9. So right off of the bat: I want, don't need, a new GPU. I currently play what few games I do on my 4k 60Hz television with an RX 580. At 1080p it keeps things pretty and at 60fps for the most part. I mainly play stuff offline and single player like DMC 5, GTA V, Gears 5, Dragonball Xenoverse 2. No need for super refresh capable graphics. I have a computer in my basement that I wanted to upgrade it's GTX 960, so I am replacing that with my RX 580. The question I have is whether I should drop $300+ for the 2060 to future proof with Ray tracing, or just snag a good used deal on a GTX 1070 or 1080 if they drop low enough. Either way I know I can drop some settings and get respectable 1440p framerates, which is where I want to go. The 1070 can be had for about $175ish, while the 1080 seems to be about $100 more than that and the 2060 another $50 on top of that. As I said, I don't need a new GPU so I'm having a hard time justifying the money on more than a 1070 unless Ray Tracing is going to become a necessary feature to have soon. So is the "PS5 and Xbox Ray Tracing is going to make everything else obsolete other than RTX cards" talk legitimate, or would you not bother?
  10. So I got my old man a 1080p IPS monitor to move him into the 20th century. He is running an i5-2400 and using the integrated HD 2000 graphics. All he does is internet browse, Youtube and Facebook videos, and play some flash slot machine games. Is that old iGPU still up to the task to put out 1080p for the videos? I have an old 1GB DDR5 Radeon HD 6670 and a 2GB RX 460 laying around that would no doubt do the trick, but I want to keep power consumption down and driver updates to a minimum if I can (he wont be updating drivers).
  11. Yep. I really have no complaints. I've been hobbying around with computers for the past 20 years but havn't built a rig with newer technology in quite some time (save for the RX 580... which is by no means "new" anymore). Feeling frisky. I'm just wondering if there is something I am missing as to why a 4 core/thread CPU like my 3570k would be approaching obsolescence sooner rather than later? Or, perhaps more relevant to my question, is unless you need the processing power of a 16 thread CPU for a 64 player online game, why aren't more people singing the praises of how above-average something like the 3570k still functions in this day and age?
  12. This has probably been asked a bunch of times over, but I'm bored and curious for those that would entertain me. Can anyone convince me of a reason to upgrade my current 3570k system to one of the new Ryzen platforms? I have the itch to build and play with the new technology, but can't justify spending the money for limited gains Right now I have a 3570k overclocked to 4.2Ghz on a -0.020V offset voltage. Solid and cool under load and I'm sure room to push another few hundred Mhz. I have it paired with a Sapphire Nitro RX 580 8GB SE at stock and 16GB of 1600 DDR3 ram. I tend to play single player, non-FPS games, and I tend to play those that have been released sometime in the past. I just got done GTA V a few months ago and am on my second run of DMC5 (which stays at 60fps at 1440p other than cut scenes that will occasionally drop to 45fps). I'm not sure what my next game is, but it won't involve me playing with 60 other people. I don't have time to get good enough to not have to hear smack from a 12 year old that plays 10 hours a day (a job and 2 year old children will do that to you). With the prevalence of 6 and 8 core CPUs, I feel bad for my 4 core/thread 3570k when I run Cinebench, but she still isn't letting me down in any noticeable way where it counts. Is that about to change? I'd hate to fire up my rig one day and have to play at a peasant 30fps at 1080p (although I tend to play most things at 1080p... DMC5 just seems really light on its system requirements, so why not?). So, is there any reason that I'm not thinking of for not replacing my 6/7 year old CPU/Mobo/Ram? I'm honestly amazed at how good Intel's platform is/was even after all of those years.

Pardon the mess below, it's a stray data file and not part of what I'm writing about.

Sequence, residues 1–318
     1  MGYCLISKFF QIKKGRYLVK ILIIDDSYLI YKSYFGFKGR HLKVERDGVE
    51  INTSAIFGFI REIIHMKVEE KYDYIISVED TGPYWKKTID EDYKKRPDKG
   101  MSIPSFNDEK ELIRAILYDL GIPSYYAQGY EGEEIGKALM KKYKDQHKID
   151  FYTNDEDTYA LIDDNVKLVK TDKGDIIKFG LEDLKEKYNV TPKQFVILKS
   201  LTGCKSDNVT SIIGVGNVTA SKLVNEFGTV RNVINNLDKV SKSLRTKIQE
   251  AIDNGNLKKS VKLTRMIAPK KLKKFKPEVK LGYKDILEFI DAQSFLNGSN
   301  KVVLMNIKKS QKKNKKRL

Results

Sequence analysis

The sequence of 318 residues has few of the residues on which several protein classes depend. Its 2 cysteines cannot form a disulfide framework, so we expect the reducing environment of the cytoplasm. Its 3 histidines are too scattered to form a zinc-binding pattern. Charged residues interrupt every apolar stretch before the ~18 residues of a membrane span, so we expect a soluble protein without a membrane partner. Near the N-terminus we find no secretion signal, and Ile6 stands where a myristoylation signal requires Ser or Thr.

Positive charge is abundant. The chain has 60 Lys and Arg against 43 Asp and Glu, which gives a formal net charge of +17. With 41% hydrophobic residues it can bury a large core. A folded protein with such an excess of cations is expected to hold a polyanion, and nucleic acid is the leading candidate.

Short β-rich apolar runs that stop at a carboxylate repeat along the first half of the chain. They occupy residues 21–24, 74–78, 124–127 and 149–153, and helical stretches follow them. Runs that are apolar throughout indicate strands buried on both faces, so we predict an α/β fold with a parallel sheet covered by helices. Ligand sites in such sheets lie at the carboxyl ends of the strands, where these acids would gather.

13. Well okay then. So is it accurate to say that if I want to lower the power consumption and temperature on the Asus board at 4.2Ghz, my only options would be to set the offset lower than -0.045V, or switch to manual voltage and lose the Vcore throttling?
  14. That would make sense, but shouldn't the auto voltage be the same or at the very least VERY close? Isn't that essentially the stock voltage?
  15. I have two nearly identical systems, both with an i5-3570k at 4.2 Ghz with a -0.045V offset and NO LLC (full Vdroop). Same case. Same cooler. Same fan setup. One is on an Asrock Z75 Pro3 and one is on an Asus P8Z77-V LX. For some reason that I cannot determine, the Asus CPU runs about 10C hotter than the other, and according to Core Temp and CPU-Z, draws more power at full load than the other (running small FFTs under Prime95... not that it should matter). Asrock Z75 Pro3: 1.048V Vcore/1.1909V VID/65.9W Asus P8Z77-V LX: 1.176V Vcore/1.3260V VID/78.5W Is there a setting, possibly specific to Asus, that would cause that board to pour more voltage into the CPU? Other than switching to -0.045V offset, I have not touched voltages.